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Showing posts from October, 2017

Insider's Guide To Udacity Android Developer Nanodegree Part 5 - Make Your App Material

Having embarked on this account of the Android Developer Nanodegree, designed by Google and delivered through Udacity's platform, in March, we've already covered a lot of skills. This part  tackles mission impossible, turning a Coder into a Designer.

I always aim for functionality first and design second, something clearly evident in my Nanodegree projects submitted thus far which satisfied just the UI essentials but also in my other unrelated-to Android-work, such as Ultimate Extract and Recover, a Win32 application and Smart Device Seeker, a Website about smart devices. So "design second" doesn't pertain just to Android applications but crosses boundaries and I guess that's something prevalent to most backend-oriented developers out there.

This has to change since design plays a big role in what breaks or makes success and, with so much competition in the Android store, producing just a functional application is not enough. This makes sense…

Google's Teachable Machine - What it really signifies

The Teachable Machine is an effort by Google to make Machine Learning and AI accessible to the wider public, without requiring any specialized training, knowledge in Computer Science or coding.

The site https://teachablemachine.withgoogle.com/ is a move that reflects the current trend of the personalization of AI in shifting the algorithms from the Cloud to the user's space, be it their desktop, their phone or other smart device.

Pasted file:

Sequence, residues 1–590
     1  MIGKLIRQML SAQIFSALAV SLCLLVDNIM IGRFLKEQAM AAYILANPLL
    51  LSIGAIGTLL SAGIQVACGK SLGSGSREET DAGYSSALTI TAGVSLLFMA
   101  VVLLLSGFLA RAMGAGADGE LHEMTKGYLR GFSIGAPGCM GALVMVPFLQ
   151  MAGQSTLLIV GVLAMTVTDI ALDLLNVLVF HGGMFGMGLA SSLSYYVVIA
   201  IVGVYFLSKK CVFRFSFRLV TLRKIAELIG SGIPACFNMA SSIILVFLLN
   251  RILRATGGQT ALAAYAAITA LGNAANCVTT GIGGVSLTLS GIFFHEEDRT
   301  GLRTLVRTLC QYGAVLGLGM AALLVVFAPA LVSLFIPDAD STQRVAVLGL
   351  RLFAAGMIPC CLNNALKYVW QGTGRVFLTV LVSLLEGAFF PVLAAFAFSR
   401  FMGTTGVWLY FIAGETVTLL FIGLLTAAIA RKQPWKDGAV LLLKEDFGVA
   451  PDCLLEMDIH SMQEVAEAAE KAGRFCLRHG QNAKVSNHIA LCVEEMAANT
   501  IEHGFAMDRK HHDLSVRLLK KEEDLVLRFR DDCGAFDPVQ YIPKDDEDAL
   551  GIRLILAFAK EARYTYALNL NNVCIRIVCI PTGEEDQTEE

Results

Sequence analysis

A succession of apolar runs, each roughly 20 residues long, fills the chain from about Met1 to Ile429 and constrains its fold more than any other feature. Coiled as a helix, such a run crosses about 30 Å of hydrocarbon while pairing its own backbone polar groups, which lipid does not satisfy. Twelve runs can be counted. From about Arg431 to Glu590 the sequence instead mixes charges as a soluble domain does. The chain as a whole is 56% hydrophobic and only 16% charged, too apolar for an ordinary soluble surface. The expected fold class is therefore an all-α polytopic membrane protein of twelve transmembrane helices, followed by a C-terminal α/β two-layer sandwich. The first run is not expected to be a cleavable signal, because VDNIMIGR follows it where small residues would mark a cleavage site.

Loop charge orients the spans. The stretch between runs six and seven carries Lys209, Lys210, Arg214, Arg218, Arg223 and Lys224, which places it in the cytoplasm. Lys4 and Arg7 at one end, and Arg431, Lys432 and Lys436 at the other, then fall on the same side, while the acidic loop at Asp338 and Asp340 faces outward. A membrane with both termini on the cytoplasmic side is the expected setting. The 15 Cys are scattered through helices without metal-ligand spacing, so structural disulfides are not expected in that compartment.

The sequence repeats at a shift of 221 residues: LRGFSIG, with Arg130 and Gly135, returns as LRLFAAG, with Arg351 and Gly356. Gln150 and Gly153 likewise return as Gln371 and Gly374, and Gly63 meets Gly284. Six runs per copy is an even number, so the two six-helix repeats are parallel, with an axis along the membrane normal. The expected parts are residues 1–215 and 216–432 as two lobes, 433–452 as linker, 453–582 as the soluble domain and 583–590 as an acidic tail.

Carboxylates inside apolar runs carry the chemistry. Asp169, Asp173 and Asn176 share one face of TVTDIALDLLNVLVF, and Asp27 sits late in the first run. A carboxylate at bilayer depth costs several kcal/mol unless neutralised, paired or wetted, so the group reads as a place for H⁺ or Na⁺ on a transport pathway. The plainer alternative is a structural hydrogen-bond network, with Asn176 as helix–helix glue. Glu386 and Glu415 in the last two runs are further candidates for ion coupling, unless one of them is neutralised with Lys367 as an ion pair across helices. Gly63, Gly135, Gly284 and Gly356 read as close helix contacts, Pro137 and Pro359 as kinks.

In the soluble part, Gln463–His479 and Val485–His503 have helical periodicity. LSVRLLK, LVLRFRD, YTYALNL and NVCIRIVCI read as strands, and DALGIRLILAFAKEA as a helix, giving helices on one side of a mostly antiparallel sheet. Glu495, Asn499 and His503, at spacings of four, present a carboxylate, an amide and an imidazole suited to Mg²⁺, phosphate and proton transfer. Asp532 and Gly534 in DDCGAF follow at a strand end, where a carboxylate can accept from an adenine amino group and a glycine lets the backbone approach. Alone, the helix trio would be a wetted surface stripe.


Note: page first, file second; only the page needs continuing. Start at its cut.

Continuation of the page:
That's not the biggest problem though; the real issue is that the models used for training the algorithms under the common supervised learning model, require massive datasets and excessive amounts of CPU power.
So as the situation currently stands, the bulk processing is done on the Cloud by Platform as a Services which offer Machine Learning as plug and play API's which encapsulate the necessary pre-trained  algorithms, with offerings including tone analysis, visual recognition or conversation analysis. Prevalent examples of such Pa…

How Much Gameplay Can You Pack In Just 13K?

Given our expectations of Xbox games, you might consider writing a game within a 13K limit, which is the challenge for the annual js13K competition far too restrictive. Its results are now out and prove that it is possible to produce a game that is fun to play. 

Back in the tape loading days and on platforms the likes of Commodore64 games came in sizes of 4K or less. As proof of concept, here's a list of a few such 4K titles, copied over from Lemon64 's archive:
Alien SidestepBug CrusherDot GobblerClose EncountersDot Gobbler v2GridrunnerLaser CyclesMarios BrewerySpace ActionSpace RicoshayTank WarsHesmon64Retro Ball  Fast forward to now, at a time when Javascript's eating the world by making all sorts of applications or  games available to everyone through the medium of the browser, rendering the need of dedicated platforms and Operating systems obsolete, 13K is sufficient enough to pack both gameplay AND cool graphics due to the advanced browser engines and HTML5.

INSIDER'S GUIDE TO UDACITY ANDROID DEVELOPER NANODEGREE PART 4 - BUILD IT BIGGER

Steadily advancing through the Android Developer Nanodegree, I've now reached Level 3 on the curriculum, "Gradle for Android and Java" in which students learn how to use Gradle to "turn a pile of source code and resources into a shipped,tested and functioning app". Tools which automate a project's build process have become an essential part of any developer's toolchain, considering that nowadays the making of an application is not just constrained to writing code.There's also other accompanying tasks that should be run in parallel.Some of those are identifying and bundling dependencies, copying resources such as images and strings, running unit tests, diversifying through product flavors, minifying or obfuscating the source, handling signing keys, packing a jar or apk and deploying the finished product to a repository or even publishing it to Google Playstore. Trying to follow a sequence and manual tracking of all those tasks as well as repeating t…